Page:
Napoleon’s Use of Propaganda

What is propaganda? Propaganda is information especially of a biased or misleading nature, used to promote or publicize a particular political cause or point of view. Animal Farm is written by George O’rwell it reflexes occurrence events that led up to the Russian Revolution of 1917. Beast of England and Comrade Napoleon from Animal Farm includes many examples of propaganda. George Orwell Animal Farm includes many examples of propaganda because it includes “Beast of England”, “Comrade Napoleon”, and they are different types of propaganda.

Beast of England includes propaganda. Pathos is found in Beast of England because it appears to the audience emotions. In the text it states, “ Hearken to my joyful tidings of the Golden future time ( Orwell 3-4).” All the animals are listening to the news about the future. The animals must listen to the news to overthrown the humans so that humans can be free. The poem Beasts of England includes Logos because it appeals to the audience’s reasoning. In the text it states,“ For that day we all must labour, All must toil for freedom’s sake (O’rwell 21-24).” The animals must labour in order to see freedom. After the animals get rid of the humans the land will be nice and dazzling. The animals must labour in order to get food. In George O’rwell Animal Farm and Beats of England include propaganda.

Comrade Napoleon includes propaganda. In Comrade Napoleon pathos is a method of convincing people with an argument drawn out through an emotional response. In the text it states, “ Oh, how my soul is on Fire when I gaze at thy (O’rwell 3-4).” The speaker feels some type of way in his soul when he looks at them. The pathos found in the article makes the reader have emotions behind his words. The poem Comrade Napoleon includes ethos because it appeals to the audience’s sense of mural. In the text it states, “Friend of fatherless! Fountain of happiness! (O’rwell 1-2).” The animals that don’t have a father looks up to him. Happiness is pouring out of the animals because of what he does for the animals. In Comrade Napoleon George O’rwell includes propaganda.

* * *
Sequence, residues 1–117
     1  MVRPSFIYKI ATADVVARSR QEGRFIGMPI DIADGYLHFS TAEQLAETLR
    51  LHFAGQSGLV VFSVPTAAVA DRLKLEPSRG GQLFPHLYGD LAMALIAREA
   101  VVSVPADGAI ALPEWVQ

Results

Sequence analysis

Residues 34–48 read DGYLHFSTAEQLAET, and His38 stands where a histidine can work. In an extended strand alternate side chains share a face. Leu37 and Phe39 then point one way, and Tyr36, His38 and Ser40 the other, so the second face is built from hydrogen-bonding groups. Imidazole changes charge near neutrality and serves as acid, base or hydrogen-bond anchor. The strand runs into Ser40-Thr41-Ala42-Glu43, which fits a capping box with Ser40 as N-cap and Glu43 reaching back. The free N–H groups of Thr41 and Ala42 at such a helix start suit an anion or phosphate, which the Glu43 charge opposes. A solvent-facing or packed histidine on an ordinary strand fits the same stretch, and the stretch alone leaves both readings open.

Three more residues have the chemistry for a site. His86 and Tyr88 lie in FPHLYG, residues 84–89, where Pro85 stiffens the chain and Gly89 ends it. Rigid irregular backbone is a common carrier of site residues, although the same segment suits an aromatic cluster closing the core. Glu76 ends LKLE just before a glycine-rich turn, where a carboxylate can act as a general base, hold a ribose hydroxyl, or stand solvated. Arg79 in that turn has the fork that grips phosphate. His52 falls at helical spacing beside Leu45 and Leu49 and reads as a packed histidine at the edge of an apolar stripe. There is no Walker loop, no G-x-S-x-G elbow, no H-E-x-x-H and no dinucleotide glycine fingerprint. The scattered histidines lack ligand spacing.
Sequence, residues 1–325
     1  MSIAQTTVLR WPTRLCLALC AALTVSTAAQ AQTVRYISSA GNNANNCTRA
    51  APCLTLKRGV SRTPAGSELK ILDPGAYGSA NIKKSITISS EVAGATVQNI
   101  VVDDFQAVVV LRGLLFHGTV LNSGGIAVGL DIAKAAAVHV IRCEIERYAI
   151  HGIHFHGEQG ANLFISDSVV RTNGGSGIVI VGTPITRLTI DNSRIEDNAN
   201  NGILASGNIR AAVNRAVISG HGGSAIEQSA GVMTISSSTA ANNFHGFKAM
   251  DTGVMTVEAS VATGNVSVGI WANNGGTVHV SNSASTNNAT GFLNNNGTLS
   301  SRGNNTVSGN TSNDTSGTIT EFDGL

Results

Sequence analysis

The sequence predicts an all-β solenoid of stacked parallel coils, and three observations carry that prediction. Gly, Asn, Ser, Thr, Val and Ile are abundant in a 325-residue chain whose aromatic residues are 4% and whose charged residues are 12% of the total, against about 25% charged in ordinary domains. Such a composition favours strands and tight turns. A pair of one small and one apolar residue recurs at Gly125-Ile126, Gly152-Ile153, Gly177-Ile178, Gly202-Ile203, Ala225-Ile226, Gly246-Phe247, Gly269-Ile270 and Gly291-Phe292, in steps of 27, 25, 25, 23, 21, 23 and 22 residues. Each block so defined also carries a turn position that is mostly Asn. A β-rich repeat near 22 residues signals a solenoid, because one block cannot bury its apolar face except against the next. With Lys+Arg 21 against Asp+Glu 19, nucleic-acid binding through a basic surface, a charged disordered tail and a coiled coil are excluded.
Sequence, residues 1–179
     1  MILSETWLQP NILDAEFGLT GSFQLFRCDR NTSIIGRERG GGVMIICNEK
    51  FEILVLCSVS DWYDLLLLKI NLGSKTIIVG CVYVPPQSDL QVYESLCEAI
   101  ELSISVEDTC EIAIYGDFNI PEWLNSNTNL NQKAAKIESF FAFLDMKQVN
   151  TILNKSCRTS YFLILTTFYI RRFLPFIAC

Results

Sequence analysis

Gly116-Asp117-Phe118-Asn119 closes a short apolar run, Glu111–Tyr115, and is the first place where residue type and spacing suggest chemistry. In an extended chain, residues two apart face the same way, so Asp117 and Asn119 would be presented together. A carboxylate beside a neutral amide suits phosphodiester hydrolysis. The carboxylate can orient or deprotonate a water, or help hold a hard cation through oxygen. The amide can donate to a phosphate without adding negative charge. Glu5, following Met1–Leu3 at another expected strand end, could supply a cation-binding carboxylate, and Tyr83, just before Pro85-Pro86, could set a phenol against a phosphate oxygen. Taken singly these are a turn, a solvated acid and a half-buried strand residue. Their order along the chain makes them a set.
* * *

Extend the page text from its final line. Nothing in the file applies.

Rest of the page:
Beasts of England and Comrade Napoleon uses different types of propaganda. Beast of England uses propaganda to explain that the animals must overthrow their leader to see freedom. In the text it states, “Tyrant Man shall be O’verthrown, And the faithful fields of England (O’rwell 6-7).”The animals must rebel against their human master in order to be free and equal. The song portrays humans as tyrannical and portrays life under humans rule as miserable and oppressive. Its purpose is to inspire loyalty to the farm and also to the new leadership. Comrade Napoleon uses propaganda to explain that Napoleon is the best leader. In the text it states, “All the thu creatures love, fully belly twice a day, clean straw to roll upon (O’rwell 9-10).” Some people believe that Napoleon is a great leader because he takes care of the animals.

This is wrong because some people might think that Napoleon is a horrible leader because he overworks the animals. Napoleon is convincing the animals that how great of a leader he is because what he does for the animals. Napoleon watches out for the animals. He also contributes for them by giving them a home, a full belly twice a day, clean straw to lay on at night, and they are cherished by him. Napoleon provides for the animals and cares for them.

Beast of England and Comrade Napoleon include different types of propaganda. Animal Farm is filled with songs, poems, and slogans, including Major’s stirring “Beasts of England.”All of these songs serve as propaganda, one of the major conduits of social control. By making the working-class animals speak the same words at the same time, The songs also erode the animals’ sense of individuality and keep them focused on the tasks by which they will purportedly achieve freedom. Everyone should be treated equal and fair no matter how different they are.